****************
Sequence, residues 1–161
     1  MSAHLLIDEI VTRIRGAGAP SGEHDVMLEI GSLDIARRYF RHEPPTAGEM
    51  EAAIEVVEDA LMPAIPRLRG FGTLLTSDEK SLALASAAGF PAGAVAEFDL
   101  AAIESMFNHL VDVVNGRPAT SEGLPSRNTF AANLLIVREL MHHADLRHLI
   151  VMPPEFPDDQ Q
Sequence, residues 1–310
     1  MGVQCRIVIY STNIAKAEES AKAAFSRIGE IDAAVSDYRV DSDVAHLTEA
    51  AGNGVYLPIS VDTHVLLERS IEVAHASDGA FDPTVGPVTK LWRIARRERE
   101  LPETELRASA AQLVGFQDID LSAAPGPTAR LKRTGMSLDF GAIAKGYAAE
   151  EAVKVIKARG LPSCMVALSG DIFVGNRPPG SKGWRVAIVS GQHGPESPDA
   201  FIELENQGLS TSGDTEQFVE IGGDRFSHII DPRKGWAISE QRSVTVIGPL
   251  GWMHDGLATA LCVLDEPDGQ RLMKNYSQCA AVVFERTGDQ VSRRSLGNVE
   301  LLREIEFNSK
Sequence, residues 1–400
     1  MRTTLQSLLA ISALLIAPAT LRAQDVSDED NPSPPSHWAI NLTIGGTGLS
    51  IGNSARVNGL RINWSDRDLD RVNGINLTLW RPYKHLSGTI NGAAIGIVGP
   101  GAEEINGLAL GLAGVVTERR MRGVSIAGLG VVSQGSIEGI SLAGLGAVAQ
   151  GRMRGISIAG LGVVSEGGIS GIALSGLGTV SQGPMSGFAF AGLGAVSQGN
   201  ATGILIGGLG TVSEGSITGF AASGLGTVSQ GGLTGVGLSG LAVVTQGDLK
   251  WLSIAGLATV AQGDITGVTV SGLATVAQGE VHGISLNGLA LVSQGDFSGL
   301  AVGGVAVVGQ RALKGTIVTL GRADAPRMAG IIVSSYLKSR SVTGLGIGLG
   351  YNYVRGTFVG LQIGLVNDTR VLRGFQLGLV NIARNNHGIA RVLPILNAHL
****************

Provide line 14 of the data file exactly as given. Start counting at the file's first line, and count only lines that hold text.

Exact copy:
Sequence, residues 1–400